MPs united behind law prohibiting luring for sex

  • Kathy Lynn Simmons, the Minister of Legal Affairs (Photograph by Akil Simmons)

    Kathy Lynn Simmons, the Minister of Legal Affairs (Photograph by Akil Simmons)

  • Kim Wilson, the Minister of Health (File photograph by Blaire Simmons)

    Kim Wilson, the Minister of Health (File photograph by Blaire Simmons)

  • Craig Cannonier, Leader of the Opposition (File photograph by Akil Simmons)

    Craig Cannonier, Leader of the Opposition (File photograph by Akil Simmons)


Young people will have greater protection from grooming for sex by “authority figures” after MPs backed tougher legislation to combat predators.

Kim Wilson, the Minister of Health and spokeswoman for legal affairs in the House of Assembly, said that the Criminal Code Amendment Act 2020 introduced revised provisions in “response to the need for increased public safety for our vulnerable population, namely our youth”.

She added: “For far too long persons under the age of 18 have not been protected from teachers, other authority figures, family members and friends of the family who have preyed upon them with persistent attempts to engage in inappropriate sexual or romantic relationships.”

Ms Wilson said that changes to the Criminal Code Act 1907 would also “deter persons from engaging in luring offences while in a position of trust or authority” and strengthened Bermuda’s child protection regime.

She told the House: “When considering that luring behaviours by a person in a position of trust can take place before a young person reaches the age of consent and persist well beyond 16 years of age, we can see that 16 and 17-year-olds are left exposed to exploitation without legal redress.”

Ms Wilson added that the Bill, which passed through the Senate this month, extended the existing luring offence related to online engagement to include written and spoken communication.

She said the change would “close the gap” so that people under the age of 18 would get the same legal protection as those under 16 — the age of consent for sex.

Scott Pearman, the shadow legal affairs minister, said: “It’s fair to say that all Bermuda will welcome this change.

“This is something that has been supported and called for in the third-party charitable sector, for those charities dealing with children.”

Lovitta Foggo, the Minister of Community Affairs and Sport, said the amendments created an additional level of protection for young Bermudians.

She said: “This is a great step in the right direction and hopefully it will serve to diminish or even eradicate these types of behaviours from progressing.”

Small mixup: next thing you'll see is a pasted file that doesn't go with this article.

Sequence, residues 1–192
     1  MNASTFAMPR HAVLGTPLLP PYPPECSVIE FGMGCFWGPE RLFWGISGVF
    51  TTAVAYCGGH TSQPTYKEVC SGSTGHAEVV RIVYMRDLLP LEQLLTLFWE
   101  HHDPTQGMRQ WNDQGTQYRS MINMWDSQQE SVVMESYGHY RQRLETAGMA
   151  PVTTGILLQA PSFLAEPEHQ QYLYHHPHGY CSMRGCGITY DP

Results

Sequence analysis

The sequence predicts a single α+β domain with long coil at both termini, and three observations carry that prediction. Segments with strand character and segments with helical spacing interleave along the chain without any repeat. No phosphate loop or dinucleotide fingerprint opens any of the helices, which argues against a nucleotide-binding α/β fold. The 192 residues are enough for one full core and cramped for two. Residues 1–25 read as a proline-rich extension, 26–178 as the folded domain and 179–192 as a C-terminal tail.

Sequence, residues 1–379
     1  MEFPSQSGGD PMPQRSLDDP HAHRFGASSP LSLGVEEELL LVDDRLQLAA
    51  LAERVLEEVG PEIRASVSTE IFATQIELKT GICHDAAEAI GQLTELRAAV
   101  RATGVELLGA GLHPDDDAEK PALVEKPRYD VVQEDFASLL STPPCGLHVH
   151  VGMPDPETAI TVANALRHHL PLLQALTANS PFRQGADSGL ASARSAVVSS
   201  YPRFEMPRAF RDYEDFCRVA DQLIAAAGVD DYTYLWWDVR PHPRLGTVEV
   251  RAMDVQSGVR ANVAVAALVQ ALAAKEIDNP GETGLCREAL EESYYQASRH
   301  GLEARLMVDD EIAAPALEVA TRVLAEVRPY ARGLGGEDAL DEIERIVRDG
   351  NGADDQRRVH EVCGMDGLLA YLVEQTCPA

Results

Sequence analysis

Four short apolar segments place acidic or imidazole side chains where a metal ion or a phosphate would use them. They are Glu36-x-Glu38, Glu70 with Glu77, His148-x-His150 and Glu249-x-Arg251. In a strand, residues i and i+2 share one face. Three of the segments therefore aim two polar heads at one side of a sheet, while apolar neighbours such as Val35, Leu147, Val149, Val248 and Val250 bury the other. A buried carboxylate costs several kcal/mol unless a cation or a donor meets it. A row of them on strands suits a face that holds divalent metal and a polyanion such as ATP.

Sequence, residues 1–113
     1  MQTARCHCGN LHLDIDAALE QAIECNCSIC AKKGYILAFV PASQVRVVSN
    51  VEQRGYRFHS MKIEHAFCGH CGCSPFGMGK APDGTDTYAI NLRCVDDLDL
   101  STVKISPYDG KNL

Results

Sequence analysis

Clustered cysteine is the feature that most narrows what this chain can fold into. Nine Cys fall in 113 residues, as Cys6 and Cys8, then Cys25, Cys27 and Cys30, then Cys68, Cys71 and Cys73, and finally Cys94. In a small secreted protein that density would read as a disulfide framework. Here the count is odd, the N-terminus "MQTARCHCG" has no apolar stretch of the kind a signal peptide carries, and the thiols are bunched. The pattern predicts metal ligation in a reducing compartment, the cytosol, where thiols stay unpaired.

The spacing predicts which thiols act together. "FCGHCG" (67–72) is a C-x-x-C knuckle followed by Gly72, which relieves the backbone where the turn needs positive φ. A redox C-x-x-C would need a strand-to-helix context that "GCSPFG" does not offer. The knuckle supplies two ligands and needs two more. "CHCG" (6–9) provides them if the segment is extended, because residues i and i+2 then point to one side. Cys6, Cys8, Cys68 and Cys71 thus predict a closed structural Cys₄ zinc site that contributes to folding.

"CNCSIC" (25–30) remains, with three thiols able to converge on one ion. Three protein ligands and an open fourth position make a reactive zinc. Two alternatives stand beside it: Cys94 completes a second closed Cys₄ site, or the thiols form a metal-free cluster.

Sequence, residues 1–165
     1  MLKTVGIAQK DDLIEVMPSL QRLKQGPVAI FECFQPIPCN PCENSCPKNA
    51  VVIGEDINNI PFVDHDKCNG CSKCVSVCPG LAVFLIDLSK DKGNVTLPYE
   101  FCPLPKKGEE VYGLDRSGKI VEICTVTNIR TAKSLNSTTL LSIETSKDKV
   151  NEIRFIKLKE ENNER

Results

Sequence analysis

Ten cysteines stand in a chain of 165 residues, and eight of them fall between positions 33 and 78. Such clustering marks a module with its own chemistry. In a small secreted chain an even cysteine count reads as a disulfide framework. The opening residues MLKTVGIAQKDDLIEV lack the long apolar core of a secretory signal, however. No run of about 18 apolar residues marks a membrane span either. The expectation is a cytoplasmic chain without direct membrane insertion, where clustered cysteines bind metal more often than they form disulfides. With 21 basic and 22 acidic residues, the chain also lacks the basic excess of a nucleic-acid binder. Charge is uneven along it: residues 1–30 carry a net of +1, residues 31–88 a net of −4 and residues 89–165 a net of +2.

Craig Cannonier, the Leader of the Opposition, said that the issue of luring and sexual abuse had been brushed under the carpet for a long time.

He said: “The part that really bothers me about this is we are not speaking out and being accountable. You can find this going about just about anywhere.”

Tinée Furbert, a Progressive Labour Party backbencher, said the problem of adult predators of children had to be tackled, addressed and that she hoped the legislation would help to prevent future offences.

She added: “We often see things like grooming or luring, so it was very important to bring this sort of protection to our children.”

The change came after Christine DaCosta, whose teacher groomed her for sex when she was a 17-year-old schoolgirl, spoke out about the gap in the law.

Police told her at the time that Robert DiGiacomo, her history teacher and a family friend who was married with three children, could not be prosecuted because she was over 16.

Ms DaCosta went public about what happened in March 2019 when she protested outside Parliament for tougher laws against people who exploited minors.

She told her story in The Royal Gazette last October and soon after met Kathy Lynn Simmons, the Attorney-General and Minister of Legal Affairs, to appeal to her to close the loophole that allowed teachers and others who worked with young people to groom and exploit children over the age of consent.

Ms Simmons tabled the legislation in the Senate last month.

On occasion The Royal Gazette may decide to not allow comments on a story that we deem might inflame sensitivities. As we are legally liable for any libellous or defamatory comments made on our website, this move is for our protection as well as that of our readers.

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